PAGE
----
RAMALLAH (Ma'an) -- Israeli forces injured five Palestinian protesters with rubber-coated steel bullets and caused dozens more to suffer from excessive tear gas inhalation as they dispersed protests across the West Bank on Friday.
The weekly protests against the Israeli occupation and separation wall were violently dispersed by Israeli forces in Bilin, al-Masara, Kafr Qaddam, and Tuqu.
In the village of Bilin in the central West Bank, five protesters were injured and dozens suffered from excessive tear gas inhalation as Israeli soldiers dispersed a protest against the separation wall and renewed Israeli settlement construction on Palestinian land.
Protesters also marched in solidarity with the Yarmouk refugee camp in Damascus, which has been besieged by the Syrian regime since July of last year.
Israeli forces fired rubber-coated steel bullets, tear gas, stun grenades, and exploding bullets at protesters as they neared lands close to the wall that were previously confiscated from villagers by Israeli forces.
Coordinator for the popular resistance committee Abdullah Abu Rahma, 43, was injured by a tear gas canister that struck him in the back while Rashid Khatib, 20, Eid al-Khatib, 20, photographer Mohammad Yassin, 21, and Ashraf Abu Rahma, 35, were struck by rubber-coated steel bullets in the legs and feet.
Since 2005, Bilin villagers have protested on a weekly basis against the Israeli separation wall that runs through their village on land confiscated from local farmers.
Previous protests by Bilin activists have forced the Israeli authorities to re-route the wall, but large chunks of the village lands remain inaccessible to residents because of the route.
Israeli forces on Friday dispersed the weekly demonstration in al-Masara village south of Bethlehem.
The demonstration started in the center of the village in solidarity with Yarmouk camp and to mark the 23rd anniversary of the assassination of three PLO members in Tunisia in 1991.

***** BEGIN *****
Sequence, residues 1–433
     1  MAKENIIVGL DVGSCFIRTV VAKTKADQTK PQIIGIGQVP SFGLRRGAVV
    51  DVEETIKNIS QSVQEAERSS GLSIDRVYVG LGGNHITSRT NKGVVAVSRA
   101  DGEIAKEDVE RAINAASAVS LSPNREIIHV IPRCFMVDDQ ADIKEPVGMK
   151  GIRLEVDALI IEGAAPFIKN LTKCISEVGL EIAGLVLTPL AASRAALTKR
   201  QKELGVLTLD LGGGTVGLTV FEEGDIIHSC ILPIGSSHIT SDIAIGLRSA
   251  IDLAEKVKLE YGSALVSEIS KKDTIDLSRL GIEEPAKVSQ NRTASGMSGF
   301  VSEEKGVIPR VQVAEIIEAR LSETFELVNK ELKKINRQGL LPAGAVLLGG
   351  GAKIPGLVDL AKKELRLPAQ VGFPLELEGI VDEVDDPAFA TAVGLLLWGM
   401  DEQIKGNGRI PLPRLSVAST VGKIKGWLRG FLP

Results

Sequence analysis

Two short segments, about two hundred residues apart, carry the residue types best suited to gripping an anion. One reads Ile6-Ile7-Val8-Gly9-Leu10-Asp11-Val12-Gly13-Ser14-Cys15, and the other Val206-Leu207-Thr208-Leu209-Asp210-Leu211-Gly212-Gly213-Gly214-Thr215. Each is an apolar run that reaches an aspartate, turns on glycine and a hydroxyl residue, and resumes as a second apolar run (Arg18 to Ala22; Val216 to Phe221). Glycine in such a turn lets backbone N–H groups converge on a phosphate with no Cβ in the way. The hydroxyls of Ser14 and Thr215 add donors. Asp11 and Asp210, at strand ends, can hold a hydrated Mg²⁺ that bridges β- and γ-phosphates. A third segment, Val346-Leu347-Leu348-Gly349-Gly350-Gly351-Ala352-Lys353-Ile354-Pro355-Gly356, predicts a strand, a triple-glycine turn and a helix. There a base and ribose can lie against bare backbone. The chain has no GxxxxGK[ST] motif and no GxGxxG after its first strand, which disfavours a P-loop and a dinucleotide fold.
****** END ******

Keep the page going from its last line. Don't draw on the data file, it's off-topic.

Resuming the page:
The coordinator for the popular committee in Bethlehem Hassan Brejia condemned the ongoing siege of Yarmouk and called for international intervention to end it.
Since 2006, the residents of al-Masara have protested on a weekly basis, demanding Israeli authorities return village lands confiscated in order to build the separation wall as it crosses through their town.
A number of protesters suffered from bruises, burns, and excessive tear gas inhalation in clashes with Israeli forces in Kafr Qaddum in the northern West Bank near Qalqiliya.
Israeli forces fired tear gas canisters and stun grenades at protesters as they arrived at the eastern entrance of the village, which is kept closed by Israeli forces.
Protests are held every Friday in Kafr Qaddum against Israel's closure of a main road linking the village to its nearest city, Nablus. The road has been closed since 2000.
Dozens of protesters suffered from excessive tear gas inhalation in clashes with Israeli forces in Tuqu, east of Bethlehem.
Locals said that Israeli forces fired tear gas and stun grenades during the clashes which broke out in the Madares area of the village.
In November, settlers erected an illegal outpost near the village, and have since then chopped down large numbers of olive trees and encroached upon nearby lands belonging to the village.
Israel began building the separation wall in 2002, and the route has been the target of regular demonstrations by border towns whose land is cut off by its path.
Israel has regularly confiscated large plots of Palestinian land in order to build the wall. When the 435-mile barrier is complete, 85 percent of it will have been built inside the occupied West Bank.
In 2004 the International Court of Justice ruled that the separation wall was illegal and "tantamount to annexation."
More than 500,000 Israeli settlers live in settlements across the West Bank and East Jerusalem, in contravention of international law.
The internationally recognized Palestinian territories of which the West Bank and East Jerusalem form a part have been occupied by the Israeli military since 1967.